The FBI's Digital Collection System connects FBI offices and telecom providers around the country to coordinate collection of phone taps for investigations of all sorts.
There’s plenty of reason to be concerned Big Brother is watching.
We’re paranoid not because we have grandiose notions of our self-importance, but because the facts speak for themselves.
Here’s our short list of nine reasons that Wired readers ought to wear tinfoil hats, or at least, fight for their rights and consider ways to protect themselves with encryption and defensive digital technologies.
We know the list is incomplete, so if you have better reasons that we list here, put them in the comments and we’ll make a list based off them.
Until then, remember: Don’t suspect a friend; report him.
The government refuses to acknowledge whether the National Security Agency is secretly siphoning the nation’s electronic communications to the National Security Agency without warrants, as the Electronic Frontier Foundation alleges. The lawsuit was based on evidence provided by a former AT&T technician Mark Klein that showed that AT&T had installed a secret spying room in an internet hub in San Francisco. The spying got so bad that Attorney General Ashcroft threatened to resign over it.
When a federal judge said a lawsuit on that issue could go forward, Congress passed legislation stopping the case in its tracks. Two American lawyers for an Islamic charity did, however, prevail in their suit that they were wiretapped without warrants, but the Administration is appealing. Much of the program was legalized in 2008 by the FISA Amendments Act.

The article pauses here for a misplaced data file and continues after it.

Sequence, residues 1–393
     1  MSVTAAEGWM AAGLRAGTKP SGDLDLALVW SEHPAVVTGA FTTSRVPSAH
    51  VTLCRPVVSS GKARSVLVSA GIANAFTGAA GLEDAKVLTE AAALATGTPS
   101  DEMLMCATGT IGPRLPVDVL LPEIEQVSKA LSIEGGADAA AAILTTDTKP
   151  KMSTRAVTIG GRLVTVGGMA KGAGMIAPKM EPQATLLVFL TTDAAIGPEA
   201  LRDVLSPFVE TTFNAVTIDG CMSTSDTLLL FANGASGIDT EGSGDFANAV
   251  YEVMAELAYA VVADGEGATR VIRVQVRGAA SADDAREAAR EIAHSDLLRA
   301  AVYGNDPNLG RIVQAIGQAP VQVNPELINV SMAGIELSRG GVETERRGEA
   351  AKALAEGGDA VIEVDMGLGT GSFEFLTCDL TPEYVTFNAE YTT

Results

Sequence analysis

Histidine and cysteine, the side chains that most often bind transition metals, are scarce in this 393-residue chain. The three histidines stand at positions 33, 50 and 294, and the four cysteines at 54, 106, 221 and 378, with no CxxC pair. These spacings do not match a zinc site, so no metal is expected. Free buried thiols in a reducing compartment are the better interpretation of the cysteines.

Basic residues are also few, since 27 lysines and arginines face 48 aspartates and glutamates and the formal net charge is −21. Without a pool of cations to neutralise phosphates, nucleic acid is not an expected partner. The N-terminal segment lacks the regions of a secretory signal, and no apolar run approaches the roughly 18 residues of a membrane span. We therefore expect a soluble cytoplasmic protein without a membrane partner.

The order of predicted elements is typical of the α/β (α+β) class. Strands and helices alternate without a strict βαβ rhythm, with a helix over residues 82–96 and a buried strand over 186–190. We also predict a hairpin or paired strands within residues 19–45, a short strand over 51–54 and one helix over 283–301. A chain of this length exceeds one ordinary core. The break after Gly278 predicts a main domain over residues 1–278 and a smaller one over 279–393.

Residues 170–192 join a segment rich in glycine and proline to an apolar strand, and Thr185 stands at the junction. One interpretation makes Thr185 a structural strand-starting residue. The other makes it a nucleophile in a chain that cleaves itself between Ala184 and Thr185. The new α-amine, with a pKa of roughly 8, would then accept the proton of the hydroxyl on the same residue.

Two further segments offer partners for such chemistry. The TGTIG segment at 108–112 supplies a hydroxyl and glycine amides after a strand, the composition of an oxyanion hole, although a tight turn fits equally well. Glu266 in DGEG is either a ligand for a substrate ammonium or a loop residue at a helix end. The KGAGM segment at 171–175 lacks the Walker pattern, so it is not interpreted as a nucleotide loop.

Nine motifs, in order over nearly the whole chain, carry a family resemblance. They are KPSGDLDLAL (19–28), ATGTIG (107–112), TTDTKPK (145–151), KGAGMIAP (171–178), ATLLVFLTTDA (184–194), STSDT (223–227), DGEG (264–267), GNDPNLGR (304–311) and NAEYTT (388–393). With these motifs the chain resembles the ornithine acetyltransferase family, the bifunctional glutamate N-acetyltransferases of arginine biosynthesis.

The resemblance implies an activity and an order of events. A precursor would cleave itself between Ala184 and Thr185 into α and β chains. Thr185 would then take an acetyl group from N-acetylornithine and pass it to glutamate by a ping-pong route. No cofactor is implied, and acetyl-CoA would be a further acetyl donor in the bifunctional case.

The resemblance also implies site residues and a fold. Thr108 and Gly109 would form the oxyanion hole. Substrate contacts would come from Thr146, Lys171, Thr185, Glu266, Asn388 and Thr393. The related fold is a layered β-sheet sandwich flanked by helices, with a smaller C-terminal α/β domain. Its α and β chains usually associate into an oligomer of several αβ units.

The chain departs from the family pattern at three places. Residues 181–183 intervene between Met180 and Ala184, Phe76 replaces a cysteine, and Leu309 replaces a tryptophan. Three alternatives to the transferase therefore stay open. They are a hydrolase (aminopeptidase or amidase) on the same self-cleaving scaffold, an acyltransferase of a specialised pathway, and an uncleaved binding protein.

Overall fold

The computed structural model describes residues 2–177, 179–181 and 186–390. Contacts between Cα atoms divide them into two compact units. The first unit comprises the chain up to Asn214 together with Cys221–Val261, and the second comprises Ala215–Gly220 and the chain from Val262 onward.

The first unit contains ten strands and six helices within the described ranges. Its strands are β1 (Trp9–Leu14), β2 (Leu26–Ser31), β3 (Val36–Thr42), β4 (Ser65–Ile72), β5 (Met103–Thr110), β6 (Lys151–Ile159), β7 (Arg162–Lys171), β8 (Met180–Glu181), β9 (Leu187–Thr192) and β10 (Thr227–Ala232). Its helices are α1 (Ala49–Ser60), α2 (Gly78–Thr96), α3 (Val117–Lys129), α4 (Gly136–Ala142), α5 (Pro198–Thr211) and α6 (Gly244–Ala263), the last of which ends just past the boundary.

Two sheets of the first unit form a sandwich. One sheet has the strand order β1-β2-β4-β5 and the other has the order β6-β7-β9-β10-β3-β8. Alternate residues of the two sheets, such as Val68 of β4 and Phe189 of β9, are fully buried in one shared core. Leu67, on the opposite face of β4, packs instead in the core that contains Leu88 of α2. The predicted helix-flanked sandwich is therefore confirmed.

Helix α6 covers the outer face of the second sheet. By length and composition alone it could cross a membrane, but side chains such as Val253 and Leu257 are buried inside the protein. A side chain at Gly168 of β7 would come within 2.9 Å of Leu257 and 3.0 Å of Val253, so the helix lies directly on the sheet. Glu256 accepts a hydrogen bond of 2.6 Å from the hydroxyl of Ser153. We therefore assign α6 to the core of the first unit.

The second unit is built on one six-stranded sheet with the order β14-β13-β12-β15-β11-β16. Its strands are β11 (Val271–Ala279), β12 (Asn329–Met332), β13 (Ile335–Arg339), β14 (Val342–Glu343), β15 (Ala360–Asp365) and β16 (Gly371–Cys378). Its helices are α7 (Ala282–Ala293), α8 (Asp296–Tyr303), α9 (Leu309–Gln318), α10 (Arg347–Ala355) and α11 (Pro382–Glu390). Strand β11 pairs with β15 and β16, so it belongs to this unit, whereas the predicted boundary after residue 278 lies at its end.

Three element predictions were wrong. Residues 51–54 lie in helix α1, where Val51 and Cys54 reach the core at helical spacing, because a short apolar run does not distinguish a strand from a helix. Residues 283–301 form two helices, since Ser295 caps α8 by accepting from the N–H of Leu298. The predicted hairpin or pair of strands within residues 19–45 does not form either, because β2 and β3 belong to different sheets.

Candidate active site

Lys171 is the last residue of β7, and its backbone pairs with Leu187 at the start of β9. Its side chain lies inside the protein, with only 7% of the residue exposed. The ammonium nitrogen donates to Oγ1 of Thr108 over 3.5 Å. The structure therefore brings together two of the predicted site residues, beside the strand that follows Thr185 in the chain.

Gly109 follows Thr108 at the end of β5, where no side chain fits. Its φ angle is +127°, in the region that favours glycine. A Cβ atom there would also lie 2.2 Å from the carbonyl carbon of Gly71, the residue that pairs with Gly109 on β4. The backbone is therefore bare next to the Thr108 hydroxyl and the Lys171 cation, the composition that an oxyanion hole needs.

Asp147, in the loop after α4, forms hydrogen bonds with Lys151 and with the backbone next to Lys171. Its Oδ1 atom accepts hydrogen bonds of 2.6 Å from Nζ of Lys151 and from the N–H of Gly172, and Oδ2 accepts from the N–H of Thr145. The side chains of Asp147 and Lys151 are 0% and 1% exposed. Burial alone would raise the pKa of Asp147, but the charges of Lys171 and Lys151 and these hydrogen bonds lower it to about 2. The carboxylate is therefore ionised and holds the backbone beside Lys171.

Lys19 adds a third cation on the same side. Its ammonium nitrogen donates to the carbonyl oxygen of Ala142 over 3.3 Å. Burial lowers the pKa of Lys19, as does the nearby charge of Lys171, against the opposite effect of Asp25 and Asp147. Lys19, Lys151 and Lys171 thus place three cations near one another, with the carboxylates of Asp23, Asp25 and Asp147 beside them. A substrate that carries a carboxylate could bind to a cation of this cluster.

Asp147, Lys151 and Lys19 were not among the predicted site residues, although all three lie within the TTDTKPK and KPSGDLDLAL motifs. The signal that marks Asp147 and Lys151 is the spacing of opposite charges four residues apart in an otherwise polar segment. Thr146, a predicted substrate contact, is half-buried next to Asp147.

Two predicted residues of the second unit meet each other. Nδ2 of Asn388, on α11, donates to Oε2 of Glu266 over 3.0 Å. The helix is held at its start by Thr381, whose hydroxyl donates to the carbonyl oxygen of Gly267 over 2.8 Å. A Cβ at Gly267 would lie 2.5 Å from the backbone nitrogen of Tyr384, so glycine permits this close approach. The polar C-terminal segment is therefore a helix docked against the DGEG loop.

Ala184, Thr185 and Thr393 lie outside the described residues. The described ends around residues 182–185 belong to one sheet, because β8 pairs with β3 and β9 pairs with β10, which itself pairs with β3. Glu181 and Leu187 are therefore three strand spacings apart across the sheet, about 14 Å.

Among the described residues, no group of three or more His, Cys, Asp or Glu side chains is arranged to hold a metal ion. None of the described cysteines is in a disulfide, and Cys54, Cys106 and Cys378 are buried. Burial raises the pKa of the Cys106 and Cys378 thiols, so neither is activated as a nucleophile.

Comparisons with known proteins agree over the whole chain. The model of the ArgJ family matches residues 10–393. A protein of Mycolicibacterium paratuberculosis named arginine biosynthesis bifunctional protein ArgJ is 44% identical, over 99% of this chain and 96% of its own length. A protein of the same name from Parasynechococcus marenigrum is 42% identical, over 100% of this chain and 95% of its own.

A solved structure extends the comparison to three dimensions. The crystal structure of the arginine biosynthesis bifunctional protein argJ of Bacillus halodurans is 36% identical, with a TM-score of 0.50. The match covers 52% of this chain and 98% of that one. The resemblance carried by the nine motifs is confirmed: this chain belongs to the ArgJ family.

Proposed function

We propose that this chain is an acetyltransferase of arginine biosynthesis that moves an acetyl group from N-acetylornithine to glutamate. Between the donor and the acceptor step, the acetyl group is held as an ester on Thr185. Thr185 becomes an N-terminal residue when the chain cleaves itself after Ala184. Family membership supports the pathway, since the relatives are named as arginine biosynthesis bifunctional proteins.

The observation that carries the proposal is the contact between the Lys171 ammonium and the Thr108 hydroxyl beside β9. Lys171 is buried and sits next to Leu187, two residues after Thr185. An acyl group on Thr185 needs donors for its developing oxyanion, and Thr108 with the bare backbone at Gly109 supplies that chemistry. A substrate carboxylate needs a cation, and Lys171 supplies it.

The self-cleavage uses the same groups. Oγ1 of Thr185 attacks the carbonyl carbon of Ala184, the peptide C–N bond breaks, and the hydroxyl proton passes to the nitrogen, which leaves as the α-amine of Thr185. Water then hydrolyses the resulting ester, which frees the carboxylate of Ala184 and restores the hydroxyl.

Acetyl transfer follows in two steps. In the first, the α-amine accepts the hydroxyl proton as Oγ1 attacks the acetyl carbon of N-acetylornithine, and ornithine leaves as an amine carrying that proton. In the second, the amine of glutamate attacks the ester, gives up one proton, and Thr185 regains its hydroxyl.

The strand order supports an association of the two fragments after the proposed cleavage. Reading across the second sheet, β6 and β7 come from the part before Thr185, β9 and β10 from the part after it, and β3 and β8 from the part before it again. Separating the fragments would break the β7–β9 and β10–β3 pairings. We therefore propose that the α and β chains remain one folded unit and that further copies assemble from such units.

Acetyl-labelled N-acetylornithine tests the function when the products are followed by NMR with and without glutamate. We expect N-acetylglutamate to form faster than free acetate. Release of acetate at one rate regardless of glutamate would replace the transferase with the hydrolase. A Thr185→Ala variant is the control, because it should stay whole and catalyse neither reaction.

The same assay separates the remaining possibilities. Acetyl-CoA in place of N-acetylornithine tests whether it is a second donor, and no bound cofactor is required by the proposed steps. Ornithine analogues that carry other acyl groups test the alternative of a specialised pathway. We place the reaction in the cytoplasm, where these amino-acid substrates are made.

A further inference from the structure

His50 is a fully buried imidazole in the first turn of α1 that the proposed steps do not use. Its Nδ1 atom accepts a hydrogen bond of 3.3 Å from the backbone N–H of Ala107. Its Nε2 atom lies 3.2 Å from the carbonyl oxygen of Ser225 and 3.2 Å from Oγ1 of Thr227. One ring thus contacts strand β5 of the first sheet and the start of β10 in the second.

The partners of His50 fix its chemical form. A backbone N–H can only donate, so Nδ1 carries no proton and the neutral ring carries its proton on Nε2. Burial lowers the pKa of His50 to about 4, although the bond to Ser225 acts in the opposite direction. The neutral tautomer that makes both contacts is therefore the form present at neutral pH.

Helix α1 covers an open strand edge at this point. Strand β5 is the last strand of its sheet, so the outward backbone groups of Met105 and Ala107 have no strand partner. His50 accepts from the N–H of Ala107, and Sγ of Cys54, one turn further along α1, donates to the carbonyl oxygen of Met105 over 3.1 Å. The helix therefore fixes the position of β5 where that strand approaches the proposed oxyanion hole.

The FBI has also built a nationwide computer system called the Digital Collection System, connected by fiber optic cables, to collect and analyze wiretaps of all types, including ones used in ultra-secret terrorism investigations.
Warrantless GPS Tracking
The Obama administration claims Americans have no right to privacy in their public movements. The issue surfaced this month in a landmark case before the U.S. Supreme Court to determine if law enforcement agents should be required to obtain a probable-cause warrant in order to place a GPS tracking device on a citizen’s car. The government admitted to the Supreme Court that it thinks it would have the power to track the justices’ cars without a warrant.
The invasive technology allows police, the FBI, the Drug Enforcement Administration and other agencies to engage in covert round-the-clock surveillance over an extended period of time, collecting vast amounts of information about anyone who drives the vehicle that is being tracked. The Justice Department has said that law enforcement agents employ GPS as a crime-fighting tool with “great frequency,” and GPS retailers have told Wired that they’ve sold thousands of the devices to the feds.